The BIA is the government body that allocates the card. However, the decision rests with the tribe itself. Each one will have its own particular ordinances that stipulate their requirements.
Again, the CDIB is another contentious issue in the debate of Native identity. No other ethnic community in the US is required to have a certificate that proves their lineage.
Many argue the discriminatory nature of the practice. That’s especially true given the role of this certificate in accessing a tribe and particular benefits.
4. Prove Direct Lineage
To become a tribe member you need to prove your connection to it.
That means going back through history to find evidence of your heritage.
Family tribal records are often the best way to do this. From birth certificates, marriage and death certificates, old school records…They often hold the proof you need.
Internet research can also play a role. Many websites and databases provide extensive genealogical records. Accessing these can be a straightforward means of proving a connection to a tribe.
Many people wonder if a DNA test would suffice. The answer to the query is generally ‘no’. On rare occasions, the results of these tests may be permitted as evidence. However, more often, someone must show their connection through direct records.
5. Ongoing Contact with the Tribe
Here’s another quick obstacle that can pose a problem:
Another requirement many tribes have is continued contact with it.
Can you demonstrate a history of contact with a tribe? If so, then you stand a better chance of being allowed access to it. After all, ongoing contact shows an affinity and genuine interest that cultivates trust.
Imagine a long lost relative of yours getting in touch out of no-where. What would your response be if they asked to be part of your family? Chances are you wouldn't accept. After all, you don't know them, nor understand their intentions.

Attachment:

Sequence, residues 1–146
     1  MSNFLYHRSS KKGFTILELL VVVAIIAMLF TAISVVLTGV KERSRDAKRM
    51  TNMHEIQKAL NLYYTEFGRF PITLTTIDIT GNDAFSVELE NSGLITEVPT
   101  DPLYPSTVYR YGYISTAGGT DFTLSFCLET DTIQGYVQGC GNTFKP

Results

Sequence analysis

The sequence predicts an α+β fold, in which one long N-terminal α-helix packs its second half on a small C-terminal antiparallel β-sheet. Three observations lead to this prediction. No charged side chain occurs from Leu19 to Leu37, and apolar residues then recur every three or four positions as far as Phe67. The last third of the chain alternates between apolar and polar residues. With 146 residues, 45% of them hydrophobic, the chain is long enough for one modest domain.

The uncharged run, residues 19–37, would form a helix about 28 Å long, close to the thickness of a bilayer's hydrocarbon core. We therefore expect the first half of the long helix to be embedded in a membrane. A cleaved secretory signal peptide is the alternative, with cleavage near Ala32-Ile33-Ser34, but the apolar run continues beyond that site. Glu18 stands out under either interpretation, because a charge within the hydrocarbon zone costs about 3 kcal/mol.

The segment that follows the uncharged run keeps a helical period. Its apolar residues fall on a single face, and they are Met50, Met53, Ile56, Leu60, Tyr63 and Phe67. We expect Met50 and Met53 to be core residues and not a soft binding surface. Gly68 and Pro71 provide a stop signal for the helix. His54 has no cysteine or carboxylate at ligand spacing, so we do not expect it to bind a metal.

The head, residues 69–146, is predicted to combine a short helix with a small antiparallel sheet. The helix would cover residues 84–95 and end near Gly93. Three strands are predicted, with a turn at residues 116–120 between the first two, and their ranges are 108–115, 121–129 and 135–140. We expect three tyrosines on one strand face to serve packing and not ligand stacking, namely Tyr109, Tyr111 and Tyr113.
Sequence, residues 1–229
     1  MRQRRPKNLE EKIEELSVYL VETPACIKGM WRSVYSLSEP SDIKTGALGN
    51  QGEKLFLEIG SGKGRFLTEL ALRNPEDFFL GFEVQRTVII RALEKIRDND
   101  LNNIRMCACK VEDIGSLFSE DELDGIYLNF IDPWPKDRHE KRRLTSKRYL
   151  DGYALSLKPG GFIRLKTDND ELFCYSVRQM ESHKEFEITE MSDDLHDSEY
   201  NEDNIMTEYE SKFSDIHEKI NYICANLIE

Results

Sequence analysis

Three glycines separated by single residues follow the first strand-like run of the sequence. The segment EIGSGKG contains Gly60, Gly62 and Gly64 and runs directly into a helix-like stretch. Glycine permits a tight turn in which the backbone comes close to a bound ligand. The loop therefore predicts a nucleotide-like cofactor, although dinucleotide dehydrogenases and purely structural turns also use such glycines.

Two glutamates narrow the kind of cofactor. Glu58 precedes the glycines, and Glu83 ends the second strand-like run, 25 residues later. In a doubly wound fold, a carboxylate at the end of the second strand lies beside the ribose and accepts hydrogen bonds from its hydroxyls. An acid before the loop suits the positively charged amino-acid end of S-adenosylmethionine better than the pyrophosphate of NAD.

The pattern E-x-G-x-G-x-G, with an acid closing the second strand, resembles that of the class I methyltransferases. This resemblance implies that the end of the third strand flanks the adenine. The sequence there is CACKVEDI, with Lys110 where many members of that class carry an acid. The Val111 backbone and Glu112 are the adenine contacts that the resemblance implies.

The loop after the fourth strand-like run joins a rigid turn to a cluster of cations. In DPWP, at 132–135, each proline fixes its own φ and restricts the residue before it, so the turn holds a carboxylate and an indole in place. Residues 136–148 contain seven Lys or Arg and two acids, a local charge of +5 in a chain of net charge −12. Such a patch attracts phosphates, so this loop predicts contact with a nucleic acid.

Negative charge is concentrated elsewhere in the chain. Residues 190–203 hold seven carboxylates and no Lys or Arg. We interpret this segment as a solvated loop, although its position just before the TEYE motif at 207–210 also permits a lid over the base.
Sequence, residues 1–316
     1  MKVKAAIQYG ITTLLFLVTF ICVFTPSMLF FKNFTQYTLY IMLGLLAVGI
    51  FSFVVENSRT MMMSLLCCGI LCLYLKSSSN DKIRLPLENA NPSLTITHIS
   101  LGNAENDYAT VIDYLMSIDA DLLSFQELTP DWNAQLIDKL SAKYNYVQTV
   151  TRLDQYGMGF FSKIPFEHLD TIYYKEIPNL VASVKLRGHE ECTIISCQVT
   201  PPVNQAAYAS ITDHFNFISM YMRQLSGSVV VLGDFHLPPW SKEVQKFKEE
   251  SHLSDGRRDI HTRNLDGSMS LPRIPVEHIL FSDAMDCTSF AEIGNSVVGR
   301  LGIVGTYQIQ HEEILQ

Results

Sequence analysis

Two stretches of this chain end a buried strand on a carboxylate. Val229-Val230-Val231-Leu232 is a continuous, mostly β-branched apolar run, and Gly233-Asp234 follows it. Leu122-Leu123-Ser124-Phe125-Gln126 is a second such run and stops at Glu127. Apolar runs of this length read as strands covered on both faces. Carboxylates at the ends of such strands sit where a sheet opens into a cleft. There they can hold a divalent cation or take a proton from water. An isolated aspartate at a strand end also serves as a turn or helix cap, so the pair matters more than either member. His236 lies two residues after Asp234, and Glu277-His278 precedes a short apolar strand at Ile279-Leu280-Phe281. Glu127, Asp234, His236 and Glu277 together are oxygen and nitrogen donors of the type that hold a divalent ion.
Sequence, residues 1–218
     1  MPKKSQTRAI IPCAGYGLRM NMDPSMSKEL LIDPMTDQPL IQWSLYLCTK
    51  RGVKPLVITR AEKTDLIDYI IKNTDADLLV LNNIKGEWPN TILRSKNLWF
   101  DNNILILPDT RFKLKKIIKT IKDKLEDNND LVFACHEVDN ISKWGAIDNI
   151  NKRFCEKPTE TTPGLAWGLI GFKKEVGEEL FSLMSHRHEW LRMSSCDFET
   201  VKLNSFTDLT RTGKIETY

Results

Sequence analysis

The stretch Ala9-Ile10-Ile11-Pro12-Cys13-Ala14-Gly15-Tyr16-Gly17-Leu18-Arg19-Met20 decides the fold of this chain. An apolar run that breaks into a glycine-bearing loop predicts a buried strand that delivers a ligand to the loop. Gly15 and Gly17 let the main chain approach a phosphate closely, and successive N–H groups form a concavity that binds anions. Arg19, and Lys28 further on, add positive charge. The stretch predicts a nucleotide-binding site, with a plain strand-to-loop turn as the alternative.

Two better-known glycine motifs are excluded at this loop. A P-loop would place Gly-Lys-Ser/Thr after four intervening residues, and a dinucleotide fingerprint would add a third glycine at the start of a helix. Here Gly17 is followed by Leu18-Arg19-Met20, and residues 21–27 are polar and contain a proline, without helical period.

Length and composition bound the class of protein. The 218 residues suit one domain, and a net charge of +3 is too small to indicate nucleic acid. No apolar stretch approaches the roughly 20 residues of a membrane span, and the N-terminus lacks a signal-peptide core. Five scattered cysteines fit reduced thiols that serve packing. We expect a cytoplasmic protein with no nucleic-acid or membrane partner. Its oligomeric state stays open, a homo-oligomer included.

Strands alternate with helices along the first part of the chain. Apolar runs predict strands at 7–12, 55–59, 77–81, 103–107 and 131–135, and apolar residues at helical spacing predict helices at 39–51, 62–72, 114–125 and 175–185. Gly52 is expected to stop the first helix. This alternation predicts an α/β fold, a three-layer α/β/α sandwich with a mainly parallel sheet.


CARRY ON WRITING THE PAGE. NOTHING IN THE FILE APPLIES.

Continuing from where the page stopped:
But imagine they'd kept a steady stream of communications throughout your life. Their request to become a larger part of it may be met with greater interest.
It's a similar situation regarding the utility of having continued contact with the tribe.
Lack of communications with a tribe doesn't necessarily prevent membership. Similarly, not all tribes require it. However, it will be an undeniable advantage if you've kept in contact with them.
Be sure to detail current or historic contact in your application.
6. Length of the Process
One outcome of each aforementioned obstacle?
These days, we’re used to applying for something online and being improved in moments. Online courses, group memberships, magazine subscriptions, and so on allow near-instant access.
That, as you may have already guessed, isn’t the case with tribal membership. Every step along the way takes time and effort.
As we’ve seen, you must acquire the necessary information to prove lineage. You have to contact relatives, conduct online research and find the forms. Then you must apply for membership, complete the forms, and (sometimes) meet with tribal leaders.
Time is the primary factor. Becoming a formally recognized tribe member is no simple feat.
Final Thoughts on Tribal Membership
There you have it: exactly why tribal membership can be a difficult process.
The number of Native Americans in the US pales in comparison to the overall population. Identity and belonging to a tribe becomes intensely personal and precious.
However, as we’ve seen, the route towards membership isn’t easy. Hopefully, this post has demonstrated exactly why that’s the case.
Looking for more information on Native American genealogy? Click here for all of our articles on the subject!